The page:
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Month: October 2016

_______________________________________ When I came across the correspondence in this post, what caught my eye was that a Columbia doctoral student in economics had written to her adviser asking for advice in the face of a seemingly certain termination of her instructorship at Bryn Mawr simply on the grounds of her being Catholic. I thought it good to post a reminder just

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Economics in the Rear-View Mirror proudly adds a new data base for the history of economics community:  biographical data for the first sixty Ph.D. economists turned out by the University of Chicago from 1894-1926. Additions and corrections are welcome! Just add a comment with your suggestions.  

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The previous post provided the syllabus (with links to the readings) for Abbott Payson Usher’s 1921 course “European Industry and Commerce in the Nineteenth Century”. While looking for some background on Usher in the on-line archive for the Harvard Crimson, I came across the following two stories about a public discussion of Hayek’s Road to Serfdom that

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10 months ago

________________________ Abbott Payson Usher (1883-1965) first taught his nineteenth century European economic history course at Harvard in the fall semester of 1921-22 at the rank of Lecturer. Usher received his A.B., A.M. and Ph.D. from Harvard in 1904, 1905, 1910, respectively.  The syllabus for the course is provided in this post and all readings are linked to their

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Joseph Schumpeter offered his graduate course “History and Literature of Economics since 1776” nine times during the period 1940-1949. The core readings were basically unchanged. In an earlier post I provided the reading list and examinations from the 1939-40 academic year. This post provides the much stripped down reading list for the last time Schumpeter

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__________________________ The economic historian Alexander Gerschenkron was an associate professor when he taught the graduate seminar on the Russian Economy in the Fall semester of 1948-49 at Harvard. The reading list has two parts:  the first for the Soviet Economy, the second for socialist economics. Leontief taught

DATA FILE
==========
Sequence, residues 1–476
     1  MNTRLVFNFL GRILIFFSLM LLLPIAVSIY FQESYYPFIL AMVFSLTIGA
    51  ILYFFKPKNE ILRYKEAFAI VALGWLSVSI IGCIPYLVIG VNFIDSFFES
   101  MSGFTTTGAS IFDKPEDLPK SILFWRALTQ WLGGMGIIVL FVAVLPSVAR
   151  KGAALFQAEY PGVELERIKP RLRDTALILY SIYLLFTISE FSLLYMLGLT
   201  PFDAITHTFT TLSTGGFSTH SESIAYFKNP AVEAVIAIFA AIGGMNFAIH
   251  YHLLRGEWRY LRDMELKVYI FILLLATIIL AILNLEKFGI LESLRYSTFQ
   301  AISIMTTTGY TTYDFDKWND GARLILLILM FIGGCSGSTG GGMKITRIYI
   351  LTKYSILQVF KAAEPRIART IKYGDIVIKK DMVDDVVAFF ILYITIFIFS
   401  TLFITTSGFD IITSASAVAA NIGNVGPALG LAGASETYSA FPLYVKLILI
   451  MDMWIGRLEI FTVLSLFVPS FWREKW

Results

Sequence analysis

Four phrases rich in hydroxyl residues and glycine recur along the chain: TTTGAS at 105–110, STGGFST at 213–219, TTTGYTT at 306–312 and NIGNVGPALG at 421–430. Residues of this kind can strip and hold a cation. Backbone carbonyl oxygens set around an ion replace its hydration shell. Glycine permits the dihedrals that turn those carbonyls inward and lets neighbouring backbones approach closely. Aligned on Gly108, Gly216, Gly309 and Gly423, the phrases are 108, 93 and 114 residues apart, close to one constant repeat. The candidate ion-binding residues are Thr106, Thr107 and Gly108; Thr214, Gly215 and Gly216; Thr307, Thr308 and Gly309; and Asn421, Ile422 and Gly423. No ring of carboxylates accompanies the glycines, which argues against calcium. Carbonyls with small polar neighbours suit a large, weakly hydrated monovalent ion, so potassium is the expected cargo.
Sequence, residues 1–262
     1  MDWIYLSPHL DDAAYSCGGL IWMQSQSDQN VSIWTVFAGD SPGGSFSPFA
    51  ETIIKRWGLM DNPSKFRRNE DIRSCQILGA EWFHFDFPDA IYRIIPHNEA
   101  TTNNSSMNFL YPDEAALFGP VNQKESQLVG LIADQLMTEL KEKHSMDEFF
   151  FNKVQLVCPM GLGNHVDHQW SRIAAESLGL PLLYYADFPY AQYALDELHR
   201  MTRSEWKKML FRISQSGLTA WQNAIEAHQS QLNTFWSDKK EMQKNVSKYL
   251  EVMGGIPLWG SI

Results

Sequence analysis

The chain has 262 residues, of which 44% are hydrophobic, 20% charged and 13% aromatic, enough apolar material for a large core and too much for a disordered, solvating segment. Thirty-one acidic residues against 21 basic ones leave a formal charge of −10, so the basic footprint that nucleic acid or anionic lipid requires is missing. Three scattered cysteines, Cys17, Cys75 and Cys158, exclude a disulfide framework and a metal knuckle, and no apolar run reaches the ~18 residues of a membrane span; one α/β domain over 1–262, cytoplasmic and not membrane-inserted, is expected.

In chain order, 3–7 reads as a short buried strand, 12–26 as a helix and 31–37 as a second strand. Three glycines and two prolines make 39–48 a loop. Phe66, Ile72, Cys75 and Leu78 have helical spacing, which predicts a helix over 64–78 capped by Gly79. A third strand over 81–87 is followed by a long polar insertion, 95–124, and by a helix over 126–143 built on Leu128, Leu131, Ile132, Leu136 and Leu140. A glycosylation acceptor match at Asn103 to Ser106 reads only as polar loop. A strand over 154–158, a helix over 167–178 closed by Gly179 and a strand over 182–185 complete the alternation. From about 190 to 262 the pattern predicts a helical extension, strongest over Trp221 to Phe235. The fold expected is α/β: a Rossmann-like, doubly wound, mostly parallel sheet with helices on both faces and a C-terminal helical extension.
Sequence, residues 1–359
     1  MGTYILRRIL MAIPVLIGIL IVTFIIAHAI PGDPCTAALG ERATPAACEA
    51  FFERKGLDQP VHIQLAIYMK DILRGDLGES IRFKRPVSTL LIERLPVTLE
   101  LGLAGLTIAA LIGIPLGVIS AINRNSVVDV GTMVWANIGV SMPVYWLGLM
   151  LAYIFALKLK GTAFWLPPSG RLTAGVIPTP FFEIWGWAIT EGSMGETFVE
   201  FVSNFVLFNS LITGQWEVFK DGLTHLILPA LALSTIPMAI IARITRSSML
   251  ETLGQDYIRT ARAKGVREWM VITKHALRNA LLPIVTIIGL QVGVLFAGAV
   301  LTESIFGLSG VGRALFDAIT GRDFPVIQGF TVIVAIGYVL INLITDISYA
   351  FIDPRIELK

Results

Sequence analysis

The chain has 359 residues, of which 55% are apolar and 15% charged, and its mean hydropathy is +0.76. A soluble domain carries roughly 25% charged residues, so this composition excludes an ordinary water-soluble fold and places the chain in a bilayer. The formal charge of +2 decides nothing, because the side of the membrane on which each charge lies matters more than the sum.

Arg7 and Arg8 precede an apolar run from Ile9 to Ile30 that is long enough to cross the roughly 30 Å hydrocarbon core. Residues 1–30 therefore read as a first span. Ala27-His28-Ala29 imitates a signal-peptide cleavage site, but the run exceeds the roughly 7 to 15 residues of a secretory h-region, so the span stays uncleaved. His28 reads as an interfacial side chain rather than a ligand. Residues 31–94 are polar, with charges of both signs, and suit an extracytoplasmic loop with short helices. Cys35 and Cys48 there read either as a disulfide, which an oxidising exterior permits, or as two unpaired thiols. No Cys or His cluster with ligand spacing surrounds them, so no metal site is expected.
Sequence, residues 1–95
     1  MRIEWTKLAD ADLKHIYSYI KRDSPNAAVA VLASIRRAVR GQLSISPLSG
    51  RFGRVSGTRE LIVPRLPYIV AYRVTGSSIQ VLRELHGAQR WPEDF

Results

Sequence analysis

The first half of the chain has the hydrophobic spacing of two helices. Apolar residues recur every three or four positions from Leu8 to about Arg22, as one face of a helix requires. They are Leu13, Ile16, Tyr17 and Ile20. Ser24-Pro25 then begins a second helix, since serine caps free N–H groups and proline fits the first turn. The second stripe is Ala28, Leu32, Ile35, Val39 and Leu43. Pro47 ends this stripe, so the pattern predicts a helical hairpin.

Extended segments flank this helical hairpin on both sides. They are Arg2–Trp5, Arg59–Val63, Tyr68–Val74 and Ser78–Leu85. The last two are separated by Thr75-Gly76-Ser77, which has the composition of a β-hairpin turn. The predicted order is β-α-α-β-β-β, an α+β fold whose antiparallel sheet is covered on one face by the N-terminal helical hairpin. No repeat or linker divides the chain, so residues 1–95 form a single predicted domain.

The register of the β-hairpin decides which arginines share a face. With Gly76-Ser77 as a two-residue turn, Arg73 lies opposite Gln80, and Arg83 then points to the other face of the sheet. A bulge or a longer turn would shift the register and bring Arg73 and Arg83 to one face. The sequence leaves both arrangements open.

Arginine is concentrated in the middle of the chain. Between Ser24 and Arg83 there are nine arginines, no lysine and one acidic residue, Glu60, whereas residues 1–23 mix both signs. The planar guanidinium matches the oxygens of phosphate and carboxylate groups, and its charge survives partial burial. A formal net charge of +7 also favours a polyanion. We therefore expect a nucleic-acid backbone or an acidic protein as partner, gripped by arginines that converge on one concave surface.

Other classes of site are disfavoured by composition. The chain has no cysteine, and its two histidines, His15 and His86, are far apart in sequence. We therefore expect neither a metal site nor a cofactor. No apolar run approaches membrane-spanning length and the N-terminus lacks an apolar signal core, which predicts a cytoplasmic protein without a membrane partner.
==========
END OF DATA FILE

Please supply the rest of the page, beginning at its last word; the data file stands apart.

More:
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11 months ago

_________________ THE ECONOMIC SEMINARY, 1903-1904. Edited by Associate Professor J. H. Hollander. During the current academic year, the Economic Seminary has continued its investigation into the history, activities and influence of labor organizations in the United States. Its membership has been more narrowly limited to advanced students preparing for a scientific career in economic study,

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In an old email (2003!) from my Berliner Humboldt Universität colleague/buddy Michael Burda, I found a gem he forwarded to me from Brad DeLong’s Semi-Daily Journal (July 6, 2003). I was unable to establish a link to the original page at DeLong’s current website.  Today’s post is an article from 1905 that provides spending data based on

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__________________________ One detects George Stigler’s style in the justification below for the purchase of two pieces of calculating equipment for the use of economics faculty at Columbia in 1948: “…the economist requires more than a library, a pen, a desk, and possibly a crystal-ball to prosecute his studies. He requires empirical material, lots of it,

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____________________________ Three memos that propose the faculty members in Political Economy (and Commerce and Administration) to prepare the written doctoral examination questions by fields, 1923-1924 along with a list of the names of the examinees by fields for the summer quarter of 1925. ____________________________ October 24, 1923 MEMORANDUM to the PERSONS mentioned below SUBJECT:       Written Examinations for

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